Hand in hand: What collaborative robots mean for worker safety

The rise of collaborative robots demands new considerations to keep workers safe.

By Christine LaFave Grace, managing editor

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Do you trust your co-workers with your life? Do you trust them to follow the safety rules they’ve been given, to stay out of your way to avoid collisions, and to stop what they’re doing on a dime if they see you’re in harm’s way?

Would you trust a robot to do the same?

As industrial robots have become increasingly sophisticated, with machine-learning capabilities and more-sensitive sensors to detect nearby hazards, the literal and figurative distance between robots and their human counterparts is diminishing. That shrinking gap brings with it a raft of new safety considerations. And if human-robot coexistence in factories is to be defined less by separation than by collaboration, then it’s critical that plants evaluate not just the technologies but also the strategies they employ to keep workers safe.

A changing safety landscape

Beyond the safety features that controllers provide, robotics safety to this point has been defined in large part by “hard guards” – cages and other physical barriers separating robots from humans – and such virtual fences as are provided by radio frequency (RF) guarding and industrial light curtains. Safety systems in the latter category depend on installation of devices (an antenna for RF guards, LED light-beam transmitters and receivers for light curtains) around the machine to trigger a machine stop when a nearby human or object crosses a virtual barrier. (See “Machine-Guarding Basics” from our April 2017 issue; http://plnt.sv/1704-AZ.)

“When you look at even five years ago, (robots) have a lot of hard guarding, fencing around them, kind of put in the corner if you will,” says Michael Lindley, VP of business development and marketing for system integrator Concept Systems, a certified member of the Control System Integrators Association (CSIA).

But new, collaborative robots are designed to work with human operators, not strictly independent of them, and so new approaches to safety are needed. “The robot can now exist in the middle of the manufacturing floor, can have workers around it and in proximity working at full speed, so then companies can look at their manufacturing flow and put the robot in there,” Lindley says.

Case in point: The robots in FANUC’s CR series of collaborative robots are designed for such applications as heavy lifting and tote and carton handling – physically demanding tasks that are ergonomically challenging for humans. Because the nature of the work that these and other vendors’ “cobots” perform places them in close proximity to humans, traditional fencing systems are impractical if not impossible.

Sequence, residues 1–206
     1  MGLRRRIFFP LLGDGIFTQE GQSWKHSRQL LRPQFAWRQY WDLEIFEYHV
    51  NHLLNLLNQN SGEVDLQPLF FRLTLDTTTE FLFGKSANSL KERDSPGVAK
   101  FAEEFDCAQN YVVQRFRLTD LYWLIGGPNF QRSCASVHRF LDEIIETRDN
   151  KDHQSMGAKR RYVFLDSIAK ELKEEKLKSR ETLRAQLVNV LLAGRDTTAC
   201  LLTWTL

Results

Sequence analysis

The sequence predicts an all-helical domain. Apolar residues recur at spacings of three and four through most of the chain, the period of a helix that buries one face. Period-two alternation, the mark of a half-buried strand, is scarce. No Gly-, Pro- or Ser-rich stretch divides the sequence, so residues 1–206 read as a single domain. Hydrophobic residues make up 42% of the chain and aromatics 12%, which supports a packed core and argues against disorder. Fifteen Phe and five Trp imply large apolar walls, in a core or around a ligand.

So what ensures workers’ safety? Sensor-centric systems on the robot itself. FANUC’s CR series ’bots – which are green, rather than the company’s signature bright yellow – have what FANUC describes as “highly sensitive contact sensing technology” as well as a soft exterior skin to cushion any incidental contact. They’re the company’s first force-limited robots, and as designed, if a human comes into contact with one of the CR robots, the robot will stop; operation can resume with the push of a button.

The concept of power and force limiting is central to the safety architecture of many cobots. For some small collaborative robots, such as ABB’s dual-arm YuMi, incidental contact with humans isn’t necessarily something that must be avoided or that must prompt a hard stop of the machine. The imperative, then, is to limit the power and force with which the robot comes into contact with a human or other outside object and to control the nature of that contact.

Jeff Fryman, owner of JDF Consulting Enterprises and former director of standards development at the Robotic Industries Association (RIA), notes that there are two types of pressure considered with respect to human-robot contact. “One we call quasi-static, which you could consider to be pinching or trapping, where the body part is restrained while pressure is being applied to it,” he says. “Then there’s transient contact, where the robot strikes you but you’re out in the open and the body can reflexively move (away from it).”

Parameters for contact that doesn’t result in an automatic stop of the machine need to take into account both where on the body contact may occur and the user’s physical characteristics. Under most circumstances, noted current RIA standards development director Carole Franklin at the A3 Automate trade show in Chicago in April, humans experience pain before an actual injury occurs, so “if we can prevent the person even from experiencing pain, (it’s more likely) that we’ll also prevent them from being injured.”

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